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TMCNet:  Chapel Hill cuts food truck fees, adds locations

[May 14, 2013]

Chapel Hill cuts food truck fees, adds locations

CHAPEL HILL, May 14, 2013 (The News & Observer (Raleigh - McClatchy-Tribune Information Services via COMTEX) -- The Town Council cut the cost of operating a food truck by more than half Monday and voted to allow them at more events and locations.

The decision reduces the $600 annual fee for a typical food truck to $200. A $118 zoning compliance permit still is required for each lot, plus a $25 business license.

The council also agreed to permit food trucks for catered functions, food truck rodeos, farmers markets and other special events.

The new rules will go into effect for one year, starting July 1. Town staff will monitor the results and could suggest changes next year.

Special events, such as rodeos and fundraisers, will cost the event organizer $200 and each non-licensed truck $25. The event fee will be waived for nonprofits, and catering fees will be negotiated with the event host. While food-truck operators won't have to pay the annual regulatory fee to serve special events, they will be required to have a Health Department inspection certificate.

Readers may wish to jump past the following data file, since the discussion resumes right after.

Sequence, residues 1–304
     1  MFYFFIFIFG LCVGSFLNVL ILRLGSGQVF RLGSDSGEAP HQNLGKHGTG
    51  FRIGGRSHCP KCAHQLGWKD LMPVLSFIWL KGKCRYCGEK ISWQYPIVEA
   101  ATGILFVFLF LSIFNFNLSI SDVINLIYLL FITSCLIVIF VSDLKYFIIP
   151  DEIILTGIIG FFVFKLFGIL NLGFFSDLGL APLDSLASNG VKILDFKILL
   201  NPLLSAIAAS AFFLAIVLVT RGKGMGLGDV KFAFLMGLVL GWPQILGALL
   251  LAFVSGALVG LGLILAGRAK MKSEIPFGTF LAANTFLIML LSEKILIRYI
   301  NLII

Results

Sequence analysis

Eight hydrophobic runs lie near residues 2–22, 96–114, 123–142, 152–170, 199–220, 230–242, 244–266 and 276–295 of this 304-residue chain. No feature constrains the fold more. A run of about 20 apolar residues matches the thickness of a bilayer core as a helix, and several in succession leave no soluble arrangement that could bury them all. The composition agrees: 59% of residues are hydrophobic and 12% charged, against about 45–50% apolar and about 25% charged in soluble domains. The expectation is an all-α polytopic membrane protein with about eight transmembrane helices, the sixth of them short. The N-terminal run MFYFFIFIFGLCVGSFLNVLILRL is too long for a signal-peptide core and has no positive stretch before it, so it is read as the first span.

Police legal adviser Matthew Sullivan told the council the regulatory fees will help pay for town inspectors to make sure food trucks are complying with zoning, parking and other rules. The zoning permit fees will offset the time that planners spend reviewing business and food-truck operation plans, he said.

Town staff initially thought a lower fee wouldn't cover the cost of inspections, but Sullivan said the lower fee could attract more food trucks, which means higher revenues.

Food-truck operators have balked at the cost of doing business in Chapel Hill since the town's food truck ordinance was approved in January 2012. Only one vendor -- Baguettaboutit -- and one property owner have permits. Trucks also are limited to commercially zoned lots, at least 100 feet from any restaurants. That makes it hard to generate enough customers, food truck operators have said.

While Chapel Hill's fee will be more affordable, other cities still charge less to operate a food truck.

Durham vendors pay a $10 fee, a $25 business privilege tax, and if they operate out of a home, a $26 home occupancy permit fee. Raleigh vendors can operate in commercial areas after paying $150 for a food truck retail sales permit, $78 for each location and getting a privilege license.

Carrboro limits food trucks to commercial areas, too, but the fees are low: a one-time $75 fee for a mobile food vendor permit, a land-use application permit and an annual business privilege license.

Grubb: 919-932-8746 ___ (c)2013 The News & Observer (Raleigh, N.C.) Visit The News & Observer (Raleigh, N.C.) at Distributed by MCT Information Services

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